The Feast of The Epiphany (or the Three Kings)

Photo courtesy of the British Library's manuscript collection

A joyous Feast of the Epiphany to all of our friends! In the above picture from the 'Harley Hours', produced in England in the last quarter of the 13th century, the Magi have arrived and present their gifts to the infant Christ. Mary smiles joyfully, and the Star of Bethlehem, which led the Magi, hangs in the clouds above her head.

During the Middle Ages, the feast concentrated on the journey of the Magi, and was refered to as the "Feast of the Three Kings". On the Epiphany, Nativity plays were often performed throughout western Europe. In 1336 Milan, Italy hosted a particularly elaborate play and procession to commemorate the Feast of the Three Kings: three men, dressed as kings, with others dressed as their servants and retinue, traveled through the streets of the city, following a gold star hanging before them. Even meeting King Herod at one juncture, they traveled to 'Bethlehem' in the Church of St. Eustorgius, where they presented their gifts to Mary and the Christ Child, laid in a manger. The church would have sounded with trumpets and horns, and would have been filled to the brim with the crowd that followed them. It was a lively celebration.

The blessing of houses was also a popular commemoration of this feast in the Medieval era. The whole family would go from room to room, the eldest son sprinkling holy water, the father holding burning incense; the rest of the family would follow singing hymn or saying a rosary. Once they finished, they would take a piece of chalk that had been blessed, and write on the door: "13 + C + M + B + 36 which stands for "Anno Domini 1336 -- Caspar, Melchior, Balthasar" and means "The three Holy Kings, Caspar, Melchior, Balthasar, in the year of Our Lord, 1336" or whatever the year may be. The letters C, M, and B are also thought to stand for Christus mansionem benedicat, meaning "Christ bless this home." This tradition of blessing the doorways symbolizes the family's commitment to welcome Christ into their homes on a daily basis through the year." 

Though the names of the Kings were not mentioned in the Bible, they were given their western names by the Venerable St. Bede (d. 735), and the tradition of their names and origins were expanded upon and developed in the 14th century.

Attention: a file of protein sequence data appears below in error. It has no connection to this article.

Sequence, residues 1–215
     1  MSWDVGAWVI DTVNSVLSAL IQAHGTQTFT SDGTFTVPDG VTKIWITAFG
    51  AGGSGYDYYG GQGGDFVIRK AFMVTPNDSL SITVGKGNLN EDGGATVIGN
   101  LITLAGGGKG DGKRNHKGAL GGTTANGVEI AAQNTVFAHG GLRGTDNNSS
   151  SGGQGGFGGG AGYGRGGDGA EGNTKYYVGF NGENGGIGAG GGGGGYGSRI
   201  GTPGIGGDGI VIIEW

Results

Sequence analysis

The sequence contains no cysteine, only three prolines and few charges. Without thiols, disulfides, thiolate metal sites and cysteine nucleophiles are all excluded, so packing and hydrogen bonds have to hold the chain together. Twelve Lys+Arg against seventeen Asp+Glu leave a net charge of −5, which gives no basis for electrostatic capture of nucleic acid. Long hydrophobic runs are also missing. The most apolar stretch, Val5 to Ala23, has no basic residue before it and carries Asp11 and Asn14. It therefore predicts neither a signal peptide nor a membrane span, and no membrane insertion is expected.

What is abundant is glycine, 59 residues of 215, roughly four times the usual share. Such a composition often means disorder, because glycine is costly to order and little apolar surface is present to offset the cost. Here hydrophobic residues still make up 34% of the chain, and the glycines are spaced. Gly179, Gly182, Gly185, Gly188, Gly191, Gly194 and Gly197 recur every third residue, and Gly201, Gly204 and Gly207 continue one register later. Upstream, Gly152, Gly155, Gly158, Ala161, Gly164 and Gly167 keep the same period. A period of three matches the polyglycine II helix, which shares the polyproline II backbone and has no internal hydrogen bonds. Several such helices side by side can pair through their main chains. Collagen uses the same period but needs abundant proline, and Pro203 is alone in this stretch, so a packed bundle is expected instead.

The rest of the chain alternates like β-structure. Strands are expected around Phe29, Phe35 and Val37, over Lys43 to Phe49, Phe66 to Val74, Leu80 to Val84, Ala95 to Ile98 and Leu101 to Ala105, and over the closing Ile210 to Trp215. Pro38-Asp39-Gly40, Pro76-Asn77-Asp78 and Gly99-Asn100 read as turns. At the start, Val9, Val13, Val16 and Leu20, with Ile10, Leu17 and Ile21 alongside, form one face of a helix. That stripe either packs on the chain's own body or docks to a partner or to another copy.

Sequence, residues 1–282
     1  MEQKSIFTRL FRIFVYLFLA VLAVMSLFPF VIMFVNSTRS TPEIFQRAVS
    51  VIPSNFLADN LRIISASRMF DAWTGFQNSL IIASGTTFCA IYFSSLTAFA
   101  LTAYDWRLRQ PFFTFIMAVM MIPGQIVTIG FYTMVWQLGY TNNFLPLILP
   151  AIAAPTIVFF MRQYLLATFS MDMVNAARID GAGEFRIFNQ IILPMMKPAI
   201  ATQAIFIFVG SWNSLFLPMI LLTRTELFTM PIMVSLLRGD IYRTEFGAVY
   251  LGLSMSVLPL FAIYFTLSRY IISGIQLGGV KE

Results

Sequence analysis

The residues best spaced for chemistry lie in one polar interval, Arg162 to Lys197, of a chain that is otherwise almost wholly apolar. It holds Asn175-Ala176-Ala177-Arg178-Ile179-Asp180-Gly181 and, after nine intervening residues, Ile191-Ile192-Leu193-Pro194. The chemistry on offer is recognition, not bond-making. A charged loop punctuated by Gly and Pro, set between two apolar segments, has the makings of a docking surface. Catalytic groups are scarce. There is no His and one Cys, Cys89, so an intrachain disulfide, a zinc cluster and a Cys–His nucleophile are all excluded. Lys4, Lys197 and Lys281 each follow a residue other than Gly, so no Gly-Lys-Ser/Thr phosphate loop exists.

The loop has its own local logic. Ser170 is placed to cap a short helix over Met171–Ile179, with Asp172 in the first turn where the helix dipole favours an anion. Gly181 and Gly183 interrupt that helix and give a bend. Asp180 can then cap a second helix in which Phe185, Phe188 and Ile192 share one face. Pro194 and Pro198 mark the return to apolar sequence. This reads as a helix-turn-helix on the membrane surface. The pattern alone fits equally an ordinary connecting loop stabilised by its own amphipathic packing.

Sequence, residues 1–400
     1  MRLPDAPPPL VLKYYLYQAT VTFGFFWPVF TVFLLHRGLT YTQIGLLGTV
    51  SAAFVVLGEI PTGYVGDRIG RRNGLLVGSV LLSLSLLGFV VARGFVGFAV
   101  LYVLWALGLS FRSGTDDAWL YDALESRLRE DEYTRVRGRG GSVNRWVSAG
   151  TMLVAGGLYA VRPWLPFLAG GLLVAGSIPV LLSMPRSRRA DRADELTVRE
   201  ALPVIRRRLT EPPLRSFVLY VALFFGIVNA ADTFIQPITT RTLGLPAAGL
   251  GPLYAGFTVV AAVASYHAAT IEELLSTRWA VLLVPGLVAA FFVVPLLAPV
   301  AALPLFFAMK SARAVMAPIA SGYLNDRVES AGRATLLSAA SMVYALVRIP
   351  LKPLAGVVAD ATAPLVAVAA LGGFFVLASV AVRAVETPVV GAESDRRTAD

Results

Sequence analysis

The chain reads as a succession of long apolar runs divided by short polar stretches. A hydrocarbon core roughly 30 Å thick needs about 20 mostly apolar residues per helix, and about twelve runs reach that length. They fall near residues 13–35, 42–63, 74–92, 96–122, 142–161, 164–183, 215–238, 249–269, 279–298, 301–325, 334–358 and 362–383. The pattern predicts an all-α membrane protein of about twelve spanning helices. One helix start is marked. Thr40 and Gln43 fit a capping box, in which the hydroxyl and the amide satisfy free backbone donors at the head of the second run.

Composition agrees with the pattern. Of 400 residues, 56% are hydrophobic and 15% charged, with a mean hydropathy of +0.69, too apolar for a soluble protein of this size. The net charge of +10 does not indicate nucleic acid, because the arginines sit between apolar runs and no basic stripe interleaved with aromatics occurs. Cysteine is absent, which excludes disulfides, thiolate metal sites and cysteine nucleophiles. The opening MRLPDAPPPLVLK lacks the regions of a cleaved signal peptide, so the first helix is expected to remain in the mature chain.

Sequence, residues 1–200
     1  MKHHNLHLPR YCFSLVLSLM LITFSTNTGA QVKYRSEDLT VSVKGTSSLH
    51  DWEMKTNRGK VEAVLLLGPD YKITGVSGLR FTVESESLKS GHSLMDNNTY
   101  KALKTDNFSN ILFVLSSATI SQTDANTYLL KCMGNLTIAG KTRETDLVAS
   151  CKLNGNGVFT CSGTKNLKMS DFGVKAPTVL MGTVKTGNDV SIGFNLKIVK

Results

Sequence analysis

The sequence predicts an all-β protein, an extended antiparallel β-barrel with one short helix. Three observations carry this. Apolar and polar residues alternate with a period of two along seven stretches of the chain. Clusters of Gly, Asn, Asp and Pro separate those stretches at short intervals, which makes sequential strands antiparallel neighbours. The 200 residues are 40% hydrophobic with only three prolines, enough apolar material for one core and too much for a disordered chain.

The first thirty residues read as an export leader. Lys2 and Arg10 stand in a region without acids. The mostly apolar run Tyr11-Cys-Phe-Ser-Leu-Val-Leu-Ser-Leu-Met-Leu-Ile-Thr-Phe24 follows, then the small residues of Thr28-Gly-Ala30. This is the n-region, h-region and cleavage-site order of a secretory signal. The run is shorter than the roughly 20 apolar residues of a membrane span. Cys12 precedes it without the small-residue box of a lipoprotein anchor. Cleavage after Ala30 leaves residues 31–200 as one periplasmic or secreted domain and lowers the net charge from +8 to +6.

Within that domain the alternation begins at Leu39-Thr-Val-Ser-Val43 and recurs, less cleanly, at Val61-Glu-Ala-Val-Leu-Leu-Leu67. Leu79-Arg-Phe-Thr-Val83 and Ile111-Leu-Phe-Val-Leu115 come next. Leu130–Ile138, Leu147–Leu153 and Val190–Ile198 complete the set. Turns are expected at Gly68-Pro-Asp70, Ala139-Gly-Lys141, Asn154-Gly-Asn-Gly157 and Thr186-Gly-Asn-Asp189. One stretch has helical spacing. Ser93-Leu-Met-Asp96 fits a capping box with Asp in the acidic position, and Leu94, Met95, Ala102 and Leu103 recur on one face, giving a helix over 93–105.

This day also marks the 12th and final day of Christmas; there are many British feasts and celebrations associated with "Twelfth Night" since the late medieval times. So, a Merry Christmas to all of you, a merry Feast of the Three Kings to all!

N.B. There are many gorgeous images of the Adoration of the Magi, and the British Library has made quite a number of them (and many other pages from illuminated manuscripts!) available to the public; here are some links for general enjoyment:

From a manuscript of painted miniatures of Bible history - Germany, 15th century

Comments

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That was a nice explanation and easily understandable. Find it here

I always used to think about

I always used to think about the journey of these 3 kings when I was a child. It always made me wonder how they believed about the signs and set for a journey that long, only relying the signs they had from the nature.
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The journey of three kings

The journey of three kings has been the most discussed thing in any artwork. The travel of these kings has fascinated me always as in how did they make it on time in a century where the only transport was horses.
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